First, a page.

Providing Legal Descriptions

by Stan Choate, Appraisal Tech / Valuation Associate

Last year, one of our newsletters was dedicated to explaining the value of legal descriptions in real estate appraisal. We would like to continue that theme by giving our clients and prospective customers advice for providing useful legal descriptions to appraisers. Having this knowledge will help us service your needs more quickly and efficiently, saving you time and money.

Most importantly, nothing can truly replace a full legal description in real estate appraisal. This is especially true of farms, where every acre, added or lost, affects value. If the property has a legal description, the appraiser will need it. Sending the appraiser maps of the subject is helpful, but still not as helpful as sending a legal description—only the legal description can tell the appraiser whether those maps are correct. Also, the abbreviated descriptions of land found on parcel records and tax documents (see image below) are not sufficiently detailed for appraisal work. Deeds, purchase agreements, and surveys are the best sources for good legal descriptions.



Between those three sources for legal descriptions, land surveys are beyond all doubt the most useful: they are done with the greatest precision, and they make use of existing landmarks which are easily identified. If the subject property has not been surveyed, the client should seriously consider getting a survey as part of the appraisal process.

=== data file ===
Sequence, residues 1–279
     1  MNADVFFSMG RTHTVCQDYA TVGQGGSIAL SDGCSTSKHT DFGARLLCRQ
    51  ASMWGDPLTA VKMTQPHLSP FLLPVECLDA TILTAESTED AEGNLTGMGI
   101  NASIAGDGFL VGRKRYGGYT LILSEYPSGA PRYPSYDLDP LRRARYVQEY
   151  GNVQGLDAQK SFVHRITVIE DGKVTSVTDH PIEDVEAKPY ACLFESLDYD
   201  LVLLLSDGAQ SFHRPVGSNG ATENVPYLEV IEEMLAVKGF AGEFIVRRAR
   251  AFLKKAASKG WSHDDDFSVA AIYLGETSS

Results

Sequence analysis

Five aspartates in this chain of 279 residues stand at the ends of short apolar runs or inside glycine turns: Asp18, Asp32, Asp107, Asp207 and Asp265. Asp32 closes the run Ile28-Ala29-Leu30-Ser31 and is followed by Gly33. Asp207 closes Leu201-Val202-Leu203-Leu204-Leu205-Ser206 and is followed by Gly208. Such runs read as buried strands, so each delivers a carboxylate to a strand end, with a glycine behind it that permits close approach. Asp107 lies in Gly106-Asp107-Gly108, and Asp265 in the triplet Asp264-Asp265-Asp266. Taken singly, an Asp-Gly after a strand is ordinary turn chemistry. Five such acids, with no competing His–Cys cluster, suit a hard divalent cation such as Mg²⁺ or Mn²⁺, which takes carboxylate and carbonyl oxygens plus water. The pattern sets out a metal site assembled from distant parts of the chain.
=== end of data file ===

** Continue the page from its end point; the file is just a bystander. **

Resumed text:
Deeds, on the other hand, can be more frustrating. Though easily obtained, deeds are sometimes unclear and may even have mistakes. Most of the problems result from the age of their legal descriptions: many of them were written decades ago. The legal description may therefore use landmarks which no longer exist (like trees or old rural roads), or they might use creeks and rivers which have changed course. They might even make reference to other tracts of land which are no longer intact or which were sold to new owners.


Other problems with deeds can result from the common practice of splicing legal descriptions together whenever landholdings are expanded. The person doing the splicing is not always careful, resulting in the inclusion or excepting of land by accident. In some cases, a tract is excepted from the subject property only to be re-included later in the same legal description—or vice versa. The appraiser may need to spend hours just deciphering such a legal description. Appraisers would rather have a deed than nothing, but it may create additional difficulties.

The best legal descriptions display the following traits:

  • They were written after the most recent transfer of the property.
  • They were not composed by splicing together older descriptions.
  • They use landmarks which are not easily altered.
  • They specifically chart the course of boundary lines using directions and distances.

A legal description with those qualities will allow the appraiser to identify the property and its acreage quickly and confidently. Otherwise, he will need time and assistance to determine the precise borders of the property. If the appraiser has a high-quality legal description from the beginning of the process, the appraisal will be finished more quickly and with less trouble.

Spurgeon Appraisals regularly appraises a variety of property types. We have experience appraising farms, residences, and commercial properties. We pride ourselves on providing excellent customer service and quality appraisals. Contact our team to see how we can meet your appraisal needs and exceed your service expectations.

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